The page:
For this test, you swallow a gelatin capsule attached to a long
string. The end of the string remains outside the mouth and is taped to your
cheek. The capsule dissolves in the stomach and the string passes into the
upper part of the small intestine (duodenum).
The string is left in place for 4 to 6 hours or overnight. Then it
is withdrawn and the end is examined under the microscope for parasites that
are attached to it.
Known to medical professionals as otitis externa, swimmer's ear is an inflammation of the ear canal. Its common name comes from the fact that it often occurs in children and young adults who swim frequently. However, any cause of dampness in the canal can lead to irritation and chafing, very similar to diaper rash in babies. An inflammation of the skin can sometimes lead to an infection that can be very painful.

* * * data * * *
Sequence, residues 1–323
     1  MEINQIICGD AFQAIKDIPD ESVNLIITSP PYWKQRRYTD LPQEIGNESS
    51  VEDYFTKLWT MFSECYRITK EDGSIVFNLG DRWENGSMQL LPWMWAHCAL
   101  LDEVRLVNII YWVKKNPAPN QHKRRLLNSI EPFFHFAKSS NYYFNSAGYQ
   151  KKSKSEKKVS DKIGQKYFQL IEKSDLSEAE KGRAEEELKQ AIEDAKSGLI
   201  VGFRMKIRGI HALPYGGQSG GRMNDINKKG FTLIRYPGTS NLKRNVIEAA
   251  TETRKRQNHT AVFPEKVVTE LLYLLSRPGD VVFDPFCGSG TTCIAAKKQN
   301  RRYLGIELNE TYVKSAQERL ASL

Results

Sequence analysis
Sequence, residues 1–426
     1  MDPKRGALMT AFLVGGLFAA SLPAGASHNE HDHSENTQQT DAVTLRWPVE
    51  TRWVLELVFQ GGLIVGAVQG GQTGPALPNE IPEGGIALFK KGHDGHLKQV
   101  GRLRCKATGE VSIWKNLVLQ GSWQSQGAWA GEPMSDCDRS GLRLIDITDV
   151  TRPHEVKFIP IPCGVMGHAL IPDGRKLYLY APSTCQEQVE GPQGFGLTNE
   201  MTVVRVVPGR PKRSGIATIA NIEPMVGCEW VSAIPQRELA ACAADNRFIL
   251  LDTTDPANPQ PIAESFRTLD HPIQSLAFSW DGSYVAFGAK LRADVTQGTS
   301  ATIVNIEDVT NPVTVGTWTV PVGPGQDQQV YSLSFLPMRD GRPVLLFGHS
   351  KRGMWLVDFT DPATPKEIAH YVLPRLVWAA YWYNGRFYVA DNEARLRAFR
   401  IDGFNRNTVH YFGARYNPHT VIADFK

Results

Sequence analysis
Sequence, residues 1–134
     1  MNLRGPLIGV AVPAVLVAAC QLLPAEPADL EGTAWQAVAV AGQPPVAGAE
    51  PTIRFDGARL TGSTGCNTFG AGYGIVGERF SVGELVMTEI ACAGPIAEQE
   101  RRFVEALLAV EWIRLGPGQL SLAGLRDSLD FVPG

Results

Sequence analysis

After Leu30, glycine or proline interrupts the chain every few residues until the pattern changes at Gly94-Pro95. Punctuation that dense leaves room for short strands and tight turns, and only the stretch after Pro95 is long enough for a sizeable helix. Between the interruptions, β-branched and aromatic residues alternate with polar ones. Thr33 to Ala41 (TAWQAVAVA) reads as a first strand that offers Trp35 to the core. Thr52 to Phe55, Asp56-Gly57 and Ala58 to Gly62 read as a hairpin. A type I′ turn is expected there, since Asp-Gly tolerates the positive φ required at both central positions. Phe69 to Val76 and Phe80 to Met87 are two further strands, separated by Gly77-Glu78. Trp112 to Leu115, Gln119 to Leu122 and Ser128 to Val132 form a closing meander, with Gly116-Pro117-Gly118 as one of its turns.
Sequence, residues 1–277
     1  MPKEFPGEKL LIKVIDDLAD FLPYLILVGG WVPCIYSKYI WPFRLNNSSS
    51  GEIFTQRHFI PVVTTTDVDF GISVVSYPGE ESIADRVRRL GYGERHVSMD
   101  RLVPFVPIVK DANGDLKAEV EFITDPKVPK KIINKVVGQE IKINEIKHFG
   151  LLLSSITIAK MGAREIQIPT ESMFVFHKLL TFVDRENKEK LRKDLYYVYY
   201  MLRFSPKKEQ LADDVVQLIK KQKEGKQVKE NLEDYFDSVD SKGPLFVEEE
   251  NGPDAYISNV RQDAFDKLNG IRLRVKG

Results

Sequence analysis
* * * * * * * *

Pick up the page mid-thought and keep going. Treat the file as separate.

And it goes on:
Despite its name, you don't have to be a swimmer to get swimmer's ear. It's...
The string test may be done if other methods (especially
examination of stool samples and antigen tests) have failed to detect
This test is rarely done. If a small sample
of the small intestine is needed to confirm the diagnosis,
endoscopy is usually done.
Findings of the string test may include the following.
No Giardia parasites are seen when the
string is examined.
Giardia parasites can be seen when the
string is examined under a microscope.
What To Think About
This test requires you to commit most of a day to the testing
procedure. If the string is removed too soon, it may not have had time to reach
the small intestine, and the results may be inaccurate. But the test is
relatively inexpensive and accurate when done properly.